The approach SAS has developed is the opposite of this. First, you run an MVT across a set of spots on a page. Each spot has two or more candidate creatives available. Then you look to identify a small number of variants with good performance. These are then used for a subsequent A/B test to determine the true winner. The advantage is that underlying factors are better accounted for and, most importantly, interaction effects are measured.
But, of course, the combinatoric challenge is still there. This is not a new problem – experimental design has a history going back more than 100 years – and various methods were developed to overcome it. Among these, Taguchi designs are the best known. There are others as well, and most of these have strict requirements on the type of design. safety consideration.
SAS Customer Intelligence 360 provides a business-user interface which allows the marketing user to:
- Set up a multivariate test.
- Define exclusion and inclusion rules for specific variants.
- Optimize the design.
- Place it into production.
- Examine the results and take action.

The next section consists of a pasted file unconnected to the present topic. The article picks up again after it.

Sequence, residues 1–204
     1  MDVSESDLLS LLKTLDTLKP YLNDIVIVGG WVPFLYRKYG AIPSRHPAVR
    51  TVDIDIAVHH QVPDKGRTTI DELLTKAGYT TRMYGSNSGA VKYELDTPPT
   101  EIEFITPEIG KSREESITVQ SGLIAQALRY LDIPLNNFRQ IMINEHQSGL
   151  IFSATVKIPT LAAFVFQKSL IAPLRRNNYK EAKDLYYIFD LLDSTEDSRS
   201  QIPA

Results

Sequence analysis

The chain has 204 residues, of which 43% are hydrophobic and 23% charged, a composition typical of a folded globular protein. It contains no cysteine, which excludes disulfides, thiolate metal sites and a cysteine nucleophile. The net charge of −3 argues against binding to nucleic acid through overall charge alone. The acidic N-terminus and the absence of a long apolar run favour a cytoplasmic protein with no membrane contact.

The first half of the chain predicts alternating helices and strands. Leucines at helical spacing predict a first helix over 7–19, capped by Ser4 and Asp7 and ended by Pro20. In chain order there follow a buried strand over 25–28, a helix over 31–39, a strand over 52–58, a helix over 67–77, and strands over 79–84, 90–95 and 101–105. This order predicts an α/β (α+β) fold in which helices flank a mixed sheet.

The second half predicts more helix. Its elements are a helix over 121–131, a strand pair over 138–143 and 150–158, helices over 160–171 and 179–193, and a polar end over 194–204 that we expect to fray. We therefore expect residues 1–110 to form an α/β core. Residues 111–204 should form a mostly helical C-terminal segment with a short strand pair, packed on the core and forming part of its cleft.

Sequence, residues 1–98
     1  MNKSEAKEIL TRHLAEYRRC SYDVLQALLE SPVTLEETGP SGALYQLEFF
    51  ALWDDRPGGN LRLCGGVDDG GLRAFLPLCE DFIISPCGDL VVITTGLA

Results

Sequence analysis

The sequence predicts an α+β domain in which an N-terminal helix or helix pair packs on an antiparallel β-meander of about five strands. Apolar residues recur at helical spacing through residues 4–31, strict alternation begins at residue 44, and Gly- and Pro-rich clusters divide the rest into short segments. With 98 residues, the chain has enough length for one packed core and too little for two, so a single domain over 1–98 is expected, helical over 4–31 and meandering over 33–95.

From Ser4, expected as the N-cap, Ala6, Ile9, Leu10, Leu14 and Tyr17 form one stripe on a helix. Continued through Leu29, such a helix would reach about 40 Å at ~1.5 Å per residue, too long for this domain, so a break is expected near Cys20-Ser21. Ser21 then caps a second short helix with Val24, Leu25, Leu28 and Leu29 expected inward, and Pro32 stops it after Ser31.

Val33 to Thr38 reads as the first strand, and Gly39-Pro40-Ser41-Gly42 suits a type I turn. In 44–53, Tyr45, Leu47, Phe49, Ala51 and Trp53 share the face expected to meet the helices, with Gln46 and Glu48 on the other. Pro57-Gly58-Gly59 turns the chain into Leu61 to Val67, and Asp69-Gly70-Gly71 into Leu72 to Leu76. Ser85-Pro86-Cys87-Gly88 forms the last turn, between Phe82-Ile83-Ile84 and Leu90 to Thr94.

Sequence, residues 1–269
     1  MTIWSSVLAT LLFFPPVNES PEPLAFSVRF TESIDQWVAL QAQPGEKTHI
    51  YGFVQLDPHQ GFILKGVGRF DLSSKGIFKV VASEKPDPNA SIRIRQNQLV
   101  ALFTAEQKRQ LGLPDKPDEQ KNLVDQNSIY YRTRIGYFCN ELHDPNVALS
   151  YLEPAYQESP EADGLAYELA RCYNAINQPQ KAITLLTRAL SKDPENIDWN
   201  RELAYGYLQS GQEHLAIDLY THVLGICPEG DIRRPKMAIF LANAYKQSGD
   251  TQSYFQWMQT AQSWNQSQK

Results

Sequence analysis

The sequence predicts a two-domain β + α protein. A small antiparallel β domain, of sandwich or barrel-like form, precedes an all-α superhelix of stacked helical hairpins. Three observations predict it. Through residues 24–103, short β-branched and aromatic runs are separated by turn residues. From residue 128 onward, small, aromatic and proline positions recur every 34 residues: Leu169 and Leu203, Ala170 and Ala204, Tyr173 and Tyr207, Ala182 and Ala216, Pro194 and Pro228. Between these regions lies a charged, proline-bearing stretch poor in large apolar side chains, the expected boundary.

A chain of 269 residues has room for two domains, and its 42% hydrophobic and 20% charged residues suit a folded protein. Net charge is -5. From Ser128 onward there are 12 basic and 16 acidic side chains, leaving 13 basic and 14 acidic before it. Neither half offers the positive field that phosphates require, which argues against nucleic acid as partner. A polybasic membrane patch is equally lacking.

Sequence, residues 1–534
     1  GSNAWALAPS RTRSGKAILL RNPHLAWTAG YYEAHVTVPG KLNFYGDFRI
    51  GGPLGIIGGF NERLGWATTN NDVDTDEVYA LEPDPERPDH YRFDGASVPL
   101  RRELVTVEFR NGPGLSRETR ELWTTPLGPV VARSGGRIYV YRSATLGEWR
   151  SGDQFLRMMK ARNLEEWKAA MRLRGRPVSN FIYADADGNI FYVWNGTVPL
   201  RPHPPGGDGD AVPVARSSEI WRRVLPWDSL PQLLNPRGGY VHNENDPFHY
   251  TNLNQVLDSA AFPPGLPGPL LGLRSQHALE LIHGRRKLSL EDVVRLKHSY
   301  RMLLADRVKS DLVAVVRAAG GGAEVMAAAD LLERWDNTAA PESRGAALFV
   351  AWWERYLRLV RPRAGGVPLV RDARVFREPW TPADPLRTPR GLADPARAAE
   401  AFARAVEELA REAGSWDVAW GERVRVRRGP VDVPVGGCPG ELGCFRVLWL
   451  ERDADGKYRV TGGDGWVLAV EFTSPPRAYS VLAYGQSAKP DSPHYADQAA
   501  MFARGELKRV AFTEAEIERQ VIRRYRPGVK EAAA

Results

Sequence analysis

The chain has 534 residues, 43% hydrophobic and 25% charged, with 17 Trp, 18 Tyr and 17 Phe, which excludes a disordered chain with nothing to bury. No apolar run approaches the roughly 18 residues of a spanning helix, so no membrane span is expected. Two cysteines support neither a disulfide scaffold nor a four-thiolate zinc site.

The analytic heavy lifting is done behind the scenes, and the marketer only needs to make choices for business relevant parameters.
MVT made easy
The immediate benefit is that that multivariate tests are now feasible. The chart below illustrates the reduction in sample size for a test on a page with four spots. The red line shows the number of variants required for a conventional test, and how this increase exponentially with the number of content items per spot.
In contrast, the blue line shows the number of variants required for the optimized version of the test. Even with three content items per spot, there is a 50 percent reduction in the number of unique variants, and this percentage grows larger as the number of items increase. We can translate these numbers into test duration by making reasonable assumptions about the required sample size per variant (10,000 visitors) and about the traffic volume for that page (50,000 visitors per day). The result is shown below.